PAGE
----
Should Canadians Add Commodities to their Portfolios?
In The Little Book of Commodity Investing (review to follow later in the week), Toronto-based portfolio manager, John Stephensen argues that commodities are a separate asset class and deserve a place in every portfolio. He cites two papers to support his viewpoint. The first titled Facts and Fantasies about Commodity Futures concluded that “fully-collateralized commodity futures have historically offered the same return and Sharpe ratio as equities” but the returns were “negatively correlated with equity returns and bond returns”. The other study by Ibbotson Associates titled Strategic Asset Allocation and Commodities also found that an equally weighted, monthly rebalanced composite of four commodity indices show “low correlations to traditional stocks and bonds, produce high returns, hedge against inflation and provide diversification through superior returns when they are needed most”. Mr. Stephensen goes on to say that his preferred route for investing in this asset class is through stocks of commodity-producing companies.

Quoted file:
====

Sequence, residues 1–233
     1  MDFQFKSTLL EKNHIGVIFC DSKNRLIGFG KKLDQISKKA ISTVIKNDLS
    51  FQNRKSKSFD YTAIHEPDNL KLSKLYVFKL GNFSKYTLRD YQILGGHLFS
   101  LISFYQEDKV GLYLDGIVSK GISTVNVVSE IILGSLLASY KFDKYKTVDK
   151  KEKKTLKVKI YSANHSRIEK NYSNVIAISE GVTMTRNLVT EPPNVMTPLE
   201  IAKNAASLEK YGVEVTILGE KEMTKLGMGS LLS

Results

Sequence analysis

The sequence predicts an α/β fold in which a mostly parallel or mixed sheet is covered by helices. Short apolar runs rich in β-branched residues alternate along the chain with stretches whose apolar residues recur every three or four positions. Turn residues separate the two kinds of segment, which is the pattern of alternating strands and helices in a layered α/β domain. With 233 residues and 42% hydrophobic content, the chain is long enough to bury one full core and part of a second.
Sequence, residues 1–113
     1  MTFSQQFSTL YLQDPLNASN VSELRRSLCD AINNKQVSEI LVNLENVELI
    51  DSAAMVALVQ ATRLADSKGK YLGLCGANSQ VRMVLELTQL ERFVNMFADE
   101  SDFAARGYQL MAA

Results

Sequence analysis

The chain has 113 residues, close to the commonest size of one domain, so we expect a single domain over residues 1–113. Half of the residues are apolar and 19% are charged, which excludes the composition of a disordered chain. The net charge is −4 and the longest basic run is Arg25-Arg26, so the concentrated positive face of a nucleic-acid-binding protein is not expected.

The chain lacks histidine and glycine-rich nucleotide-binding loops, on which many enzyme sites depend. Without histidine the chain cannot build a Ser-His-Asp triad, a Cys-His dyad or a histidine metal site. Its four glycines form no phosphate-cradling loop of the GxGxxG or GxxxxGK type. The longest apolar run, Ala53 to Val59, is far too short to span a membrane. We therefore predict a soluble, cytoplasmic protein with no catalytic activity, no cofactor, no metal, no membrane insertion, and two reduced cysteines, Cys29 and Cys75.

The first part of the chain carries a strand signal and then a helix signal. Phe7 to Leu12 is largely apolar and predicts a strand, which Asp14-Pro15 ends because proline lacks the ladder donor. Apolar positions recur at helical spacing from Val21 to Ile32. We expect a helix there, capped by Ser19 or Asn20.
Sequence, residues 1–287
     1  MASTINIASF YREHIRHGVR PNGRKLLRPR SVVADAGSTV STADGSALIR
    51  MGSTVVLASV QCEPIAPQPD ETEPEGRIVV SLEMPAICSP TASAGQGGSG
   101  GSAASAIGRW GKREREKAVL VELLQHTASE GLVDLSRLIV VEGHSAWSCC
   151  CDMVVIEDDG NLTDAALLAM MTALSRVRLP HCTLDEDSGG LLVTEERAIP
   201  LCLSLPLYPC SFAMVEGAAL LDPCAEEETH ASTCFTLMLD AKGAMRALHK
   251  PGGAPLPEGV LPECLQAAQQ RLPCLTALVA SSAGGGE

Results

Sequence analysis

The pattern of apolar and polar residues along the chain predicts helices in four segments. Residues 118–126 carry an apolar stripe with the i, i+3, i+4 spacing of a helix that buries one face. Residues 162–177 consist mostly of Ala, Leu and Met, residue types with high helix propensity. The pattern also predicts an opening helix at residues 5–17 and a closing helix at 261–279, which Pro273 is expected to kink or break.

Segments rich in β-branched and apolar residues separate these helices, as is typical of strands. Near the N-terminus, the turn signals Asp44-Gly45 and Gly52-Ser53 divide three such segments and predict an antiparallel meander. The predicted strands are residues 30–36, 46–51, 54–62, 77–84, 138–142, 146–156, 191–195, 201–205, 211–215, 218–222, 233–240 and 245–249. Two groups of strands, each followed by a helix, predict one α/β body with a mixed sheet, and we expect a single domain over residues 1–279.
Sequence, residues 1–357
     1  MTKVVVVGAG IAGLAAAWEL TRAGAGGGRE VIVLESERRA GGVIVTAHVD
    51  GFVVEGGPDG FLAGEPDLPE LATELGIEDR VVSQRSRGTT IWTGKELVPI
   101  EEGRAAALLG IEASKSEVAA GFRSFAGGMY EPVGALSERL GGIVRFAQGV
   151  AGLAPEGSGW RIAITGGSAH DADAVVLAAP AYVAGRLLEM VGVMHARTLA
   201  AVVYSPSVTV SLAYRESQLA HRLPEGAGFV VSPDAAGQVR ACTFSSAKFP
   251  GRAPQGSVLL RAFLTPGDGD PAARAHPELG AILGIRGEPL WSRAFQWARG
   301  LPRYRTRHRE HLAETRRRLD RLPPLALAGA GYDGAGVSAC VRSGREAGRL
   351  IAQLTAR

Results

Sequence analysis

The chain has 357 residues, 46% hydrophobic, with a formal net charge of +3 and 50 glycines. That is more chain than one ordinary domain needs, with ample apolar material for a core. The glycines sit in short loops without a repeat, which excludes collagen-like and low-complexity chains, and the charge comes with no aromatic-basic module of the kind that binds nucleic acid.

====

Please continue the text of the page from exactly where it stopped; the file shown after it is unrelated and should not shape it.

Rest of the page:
Whether or not you buy Mr. Stephensen’s argument, I wonder if Canadian investors should obtain even more exposure to commodities in addition to what they already own in the energy and materials stocks either directly or in their mutual funds. With energy and materials accounting for just 14.1 percent of the S&P 500 index, US-based investors may want to explore whether they should add commodities separately. But the weight of these two sectors in the S&P/TSX Composite index is more than three times as much at 47 percent and Canadian investors may already have too much riding on commodities. Even in a portfolio like the Sleepy Portfolio with just 20 percent allotted to Canadian stocks and 22.5 percent each to US and EAFE securities and a further 5 percent to emerging markets, the total exposure to the resource sector in the equity portion comes to 25.8 percent (18 percent of the total portfolio).
Canadian investors have a further problem. As hewers of wood and drawers of water, our economic fortunes (and therefore our wages, our home prices and other sectors of our economy) are already closely tied to that of commodities. It seems to me that putting even more eggs in the commodity basket may not be prudent way of managing risk.